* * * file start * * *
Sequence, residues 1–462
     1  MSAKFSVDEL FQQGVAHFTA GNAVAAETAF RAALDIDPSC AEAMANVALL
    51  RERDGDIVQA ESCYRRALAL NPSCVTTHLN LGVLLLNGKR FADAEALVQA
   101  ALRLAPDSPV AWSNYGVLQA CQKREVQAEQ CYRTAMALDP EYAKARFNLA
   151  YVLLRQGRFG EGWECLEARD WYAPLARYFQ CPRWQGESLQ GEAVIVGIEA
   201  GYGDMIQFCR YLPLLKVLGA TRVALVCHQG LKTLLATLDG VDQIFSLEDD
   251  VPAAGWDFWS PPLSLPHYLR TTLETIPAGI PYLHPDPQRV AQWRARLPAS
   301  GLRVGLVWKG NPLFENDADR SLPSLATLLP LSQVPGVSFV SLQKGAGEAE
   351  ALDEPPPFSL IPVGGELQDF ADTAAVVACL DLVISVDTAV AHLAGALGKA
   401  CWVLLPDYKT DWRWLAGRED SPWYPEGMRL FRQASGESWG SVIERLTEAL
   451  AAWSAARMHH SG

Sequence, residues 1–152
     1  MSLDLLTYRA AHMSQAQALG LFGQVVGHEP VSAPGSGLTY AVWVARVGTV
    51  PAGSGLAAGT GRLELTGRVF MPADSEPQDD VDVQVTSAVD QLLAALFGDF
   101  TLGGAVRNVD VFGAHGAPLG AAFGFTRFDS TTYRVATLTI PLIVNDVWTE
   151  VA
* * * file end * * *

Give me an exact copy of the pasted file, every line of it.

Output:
Sequence, residues 1–462
     1  MSAKFSVDEL FQQGVAHFTA GNAVAAETAF RAALDIDPSC AEAMANVALL
    51  RERDGDIVQA ESCYRRALAL NPSCVTTHLN LGVLLLNGKR FADAEALVQA
   101  ALRLAPDSPV AWSNYGVLQA CQKREVQAEQ CYRTAMALDP EYAKARFNLA
   151  YVLLRQGRFG EGWECLEARD WYAPLARYFQ CPRWQGESLQ GEAVIVGIEA
   201  GYGDMIQFCR YLPLLKVLGA TRVALVCHQG LKTLLATLDG VDQIFSLEDD
   251  VPAAGWDFWS PPLSLPHYLR TTLETIPAGI PYLHPDPQRV AQWRARLPAS
   301  GLRVGLVWKG NPLFENDADR SLPSLATLLP LSQVPGVSFV SLQKGAGEAE
   351  ALDEPPPFSL IPVGGELQDF ADTAAVVACL DLVISVDTAV AHLAGALGKA
   401  CWVLLPDYKT DWRWLAGRED SPWYPEGMRL FRQASGESWG SVIERLTEAL
   451  AAWSAARMHH SG

Sequence, residues 1–152
     1  MSLDLLTYRA AHMSQAQALG LFGQVVGHEP VSAPGSGLTY AVWVARVGTV
    51  PAGSGLAAGT GRLELTGRVF MPADSEPQDD VDVQVTSAVD QLLAALFGDF
   101  TLGGAVRNVD VFGAHGAPLG AAFGFTRFDS TTYRVATLTI PLIVNDVWTE
   151  VA